Senior Researchers

Alina Astefanei
Research
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Alina Astefanei, PhD
University of Amsterdam
Van 't Hoff Institute for Molecular Sciences (HIMS)

Postal address
Postbus 94157
1090 GD Amsterdam

Visiting address
Science Park 904
1098 XH Amsterdam

email: A.Astefanei@uva.nl
researchgate.net/profile/Alina_Astefanei

Luitzen de Jong
Research

Mass spectrometric analysis of in vivo cross-linked protein complexes
After my retirement in November 2012, I continued as a guest worker my research activities arising from the work described in the thesis by Hansuk Buncherd entitled “Development of enrichment methods for cross-linked peptides to study the dynamic topology of large protein complexes by mass spectrometry”, defended December 2013. The aim of the project is to obtain a work flow enabling application of the technology developed in this thesis to an in vivo cross-linking approach of exponentially growing bacteria directly in the growth medium. This project in the field of analytical (bio)chemistry has a multidisciplinary nature and is carried out in close collaboration with microbiologists, organic chemists and mass spectrometrists.

For cross-linking we developed bis(succinimidy)-3-azidomethyl-glurtarate (BAMG). This cross-linker reacts with ε-aminogroups of juxtaposed lysine residues on the surface of proteins and protein complexes. Upon digestion following the cross-linking reaction, cross-linked peptides are generated along with an excess of unmodified peptides.

dejong-researchAim of the mass spectrometric analysis is to determine which lysine residues from which proteins became covalently linked during reaction with BAMG. This information can reveal the topology (i.e., spatial arrangement of composing proteins) of biological assemblies and is a prerequisite to understand the molecular mechanisms of complex processes, like transcription, translation and cell division. These are examples of biological processes accomplished by large protein complexes. The azido group in the spacer of BAMG enables isolation of cross-linked peptides and tremendously facilitates their identification by mass spectrometry and database searching.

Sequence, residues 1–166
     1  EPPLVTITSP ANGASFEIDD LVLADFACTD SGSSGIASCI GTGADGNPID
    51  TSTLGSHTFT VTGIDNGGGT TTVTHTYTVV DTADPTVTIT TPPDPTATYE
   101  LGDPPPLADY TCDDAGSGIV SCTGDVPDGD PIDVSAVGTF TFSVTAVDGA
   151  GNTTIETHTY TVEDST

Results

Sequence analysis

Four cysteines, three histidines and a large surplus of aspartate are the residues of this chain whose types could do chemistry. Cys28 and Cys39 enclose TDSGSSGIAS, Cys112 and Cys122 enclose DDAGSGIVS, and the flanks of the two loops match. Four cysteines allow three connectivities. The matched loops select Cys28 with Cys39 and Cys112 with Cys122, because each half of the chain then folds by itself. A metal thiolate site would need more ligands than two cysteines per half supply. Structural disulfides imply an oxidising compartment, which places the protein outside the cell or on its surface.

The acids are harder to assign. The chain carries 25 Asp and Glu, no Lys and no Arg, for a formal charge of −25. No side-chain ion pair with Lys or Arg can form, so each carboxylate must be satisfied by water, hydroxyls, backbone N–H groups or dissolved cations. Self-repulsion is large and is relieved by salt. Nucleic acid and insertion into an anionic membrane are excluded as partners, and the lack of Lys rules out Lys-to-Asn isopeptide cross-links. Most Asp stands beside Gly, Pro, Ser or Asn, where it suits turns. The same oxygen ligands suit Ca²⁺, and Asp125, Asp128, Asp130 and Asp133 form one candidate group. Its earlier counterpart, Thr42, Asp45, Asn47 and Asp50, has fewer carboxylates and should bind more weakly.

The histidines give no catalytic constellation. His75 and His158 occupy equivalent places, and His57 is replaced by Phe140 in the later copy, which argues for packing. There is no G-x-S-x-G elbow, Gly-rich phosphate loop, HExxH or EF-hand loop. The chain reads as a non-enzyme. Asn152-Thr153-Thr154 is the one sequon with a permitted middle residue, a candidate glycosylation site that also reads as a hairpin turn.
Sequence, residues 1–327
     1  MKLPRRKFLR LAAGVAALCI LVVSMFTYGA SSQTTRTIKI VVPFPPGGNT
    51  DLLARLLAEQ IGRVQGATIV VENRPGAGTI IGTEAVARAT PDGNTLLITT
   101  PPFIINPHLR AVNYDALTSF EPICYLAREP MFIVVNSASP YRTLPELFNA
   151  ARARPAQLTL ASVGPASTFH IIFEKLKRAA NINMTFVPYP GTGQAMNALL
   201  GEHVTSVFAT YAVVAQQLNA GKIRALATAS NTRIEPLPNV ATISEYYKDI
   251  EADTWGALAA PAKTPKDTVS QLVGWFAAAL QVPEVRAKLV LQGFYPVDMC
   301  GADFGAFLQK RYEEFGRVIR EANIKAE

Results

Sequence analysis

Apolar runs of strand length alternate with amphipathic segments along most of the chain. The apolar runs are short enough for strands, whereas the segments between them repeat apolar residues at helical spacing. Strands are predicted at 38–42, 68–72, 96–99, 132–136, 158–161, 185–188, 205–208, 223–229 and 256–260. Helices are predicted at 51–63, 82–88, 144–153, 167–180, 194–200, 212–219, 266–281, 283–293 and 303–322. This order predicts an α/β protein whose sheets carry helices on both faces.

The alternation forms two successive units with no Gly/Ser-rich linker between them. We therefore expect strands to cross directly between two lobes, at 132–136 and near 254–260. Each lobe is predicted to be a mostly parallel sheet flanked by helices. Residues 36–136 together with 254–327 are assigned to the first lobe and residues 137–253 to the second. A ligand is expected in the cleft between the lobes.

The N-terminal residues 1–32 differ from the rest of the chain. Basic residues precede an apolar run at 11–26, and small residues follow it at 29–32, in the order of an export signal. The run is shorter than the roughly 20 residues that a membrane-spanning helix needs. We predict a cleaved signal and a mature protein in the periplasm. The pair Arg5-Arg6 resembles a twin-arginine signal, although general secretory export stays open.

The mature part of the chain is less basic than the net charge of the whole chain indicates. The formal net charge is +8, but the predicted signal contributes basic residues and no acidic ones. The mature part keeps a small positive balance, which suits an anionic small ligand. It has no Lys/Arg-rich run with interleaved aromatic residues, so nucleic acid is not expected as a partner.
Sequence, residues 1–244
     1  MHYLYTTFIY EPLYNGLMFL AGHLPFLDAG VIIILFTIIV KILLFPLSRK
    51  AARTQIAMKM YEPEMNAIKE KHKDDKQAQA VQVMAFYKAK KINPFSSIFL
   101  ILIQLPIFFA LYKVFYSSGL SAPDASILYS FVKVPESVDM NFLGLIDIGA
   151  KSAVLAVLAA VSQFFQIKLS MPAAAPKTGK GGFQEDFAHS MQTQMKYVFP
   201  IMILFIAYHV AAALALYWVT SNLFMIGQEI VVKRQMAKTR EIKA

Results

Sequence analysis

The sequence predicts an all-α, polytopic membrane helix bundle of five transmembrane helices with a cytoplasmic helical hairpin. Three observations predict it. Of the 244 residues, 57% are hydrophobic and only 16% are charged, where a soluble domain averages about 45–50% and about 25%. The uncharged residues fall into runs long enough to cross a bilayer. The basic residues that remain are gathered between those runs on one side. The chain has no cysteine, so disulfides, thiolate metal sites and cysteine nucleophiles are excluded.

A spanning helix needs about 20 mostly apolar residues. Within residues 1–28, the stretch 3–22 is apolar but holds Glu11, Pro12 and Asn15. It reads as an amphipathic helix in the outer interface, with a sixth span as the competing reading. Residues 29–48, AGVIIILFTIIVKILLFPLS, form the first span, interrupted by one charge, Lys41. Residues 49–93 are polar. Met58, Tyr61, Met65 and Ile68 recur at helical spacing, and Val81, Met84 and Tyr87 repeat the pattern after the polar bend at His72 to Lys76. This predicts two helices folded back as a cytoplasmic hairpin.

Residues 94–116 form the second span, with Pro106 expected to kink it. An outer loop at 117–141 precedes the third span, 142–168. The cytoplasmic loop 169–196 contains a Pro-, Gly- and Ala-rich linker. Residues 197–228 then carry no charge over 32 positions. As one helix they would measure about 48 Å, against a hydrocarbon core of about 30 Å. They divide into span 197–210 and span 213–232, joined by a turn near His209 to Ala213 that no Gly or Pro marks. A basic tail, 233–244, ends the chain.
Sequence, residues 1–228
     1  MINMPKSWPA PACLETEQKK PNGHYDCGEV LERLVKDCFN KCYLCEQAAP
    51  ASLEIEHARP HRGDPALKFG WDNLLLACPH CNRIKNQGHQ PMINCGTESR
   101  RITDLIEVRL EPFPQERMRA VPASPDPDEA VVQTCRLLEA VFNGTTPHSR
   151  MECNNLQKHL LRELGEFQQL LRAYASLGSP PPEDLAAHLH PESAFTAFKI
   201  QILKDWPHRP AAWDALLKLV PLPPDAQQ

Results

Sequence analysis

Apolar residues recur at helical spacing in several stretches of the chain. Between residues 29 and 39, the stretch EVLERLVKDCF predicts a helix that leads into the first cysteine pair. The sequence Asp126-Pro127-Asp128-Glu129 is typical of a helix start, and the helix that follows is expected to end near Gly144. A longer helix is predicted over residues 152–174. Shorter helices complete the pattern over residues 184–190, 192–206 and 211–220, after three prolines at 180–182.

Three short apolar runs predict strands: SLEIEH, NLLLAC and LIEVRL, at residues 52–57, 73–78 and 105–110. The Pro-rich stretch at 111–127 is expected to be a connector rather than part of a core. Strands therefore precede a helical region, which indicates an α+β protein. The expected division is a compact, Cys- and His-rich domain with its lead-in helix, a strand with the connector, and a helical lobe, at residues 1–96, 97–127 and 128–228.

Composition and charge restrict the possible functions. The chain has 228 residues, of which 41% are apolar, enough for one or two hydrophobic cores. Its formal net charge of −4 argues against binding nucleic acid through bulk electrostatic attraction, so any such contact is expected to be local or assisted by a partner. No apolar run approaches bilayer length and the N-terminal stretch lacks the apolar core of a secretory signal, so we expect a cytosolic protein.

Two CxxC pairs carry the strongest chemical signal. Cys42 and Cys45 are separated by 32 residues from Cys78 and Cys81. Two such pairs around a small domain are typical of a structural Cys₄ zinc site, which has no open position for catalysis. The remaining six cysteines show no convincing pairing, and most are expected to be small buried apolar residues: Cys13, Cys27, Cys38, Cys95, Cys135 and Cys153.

The choice to use in vivo cross-linking directly in the growth medium is based on the notion that in vivo protein-protein interactions can be easily interrupted upon protein isolation or upon harvesting bacteria from the medium by centrifugation or filtering.

For growth, bacteria require, a.o., certain amines in the growth medium as a source of nitrogen. For in vivo cross-linking of exponentially growing bacteria, a medium is needed with a low concentration of compounds with amine groups, to prevent reaction with the cross-linker, but still enables fast growth. At present we are optimizing conditions for (i) growth, (ii) cross-linking directly in a bacterium culture, (iii) protein extraction and (iv), enrichment of certain cross-linked protein complexes and their digestion. The focus will be on protein complexes involved in cell division.

The work will shed new light on the molecular mechanisms underlying the cleavage process whereby one mother cell gives rise to two daughter cells. This knowledge can give clues towards the development of new antibiotics. The work flow to be developed can also be used to study several other processes and organizing principles in living cells.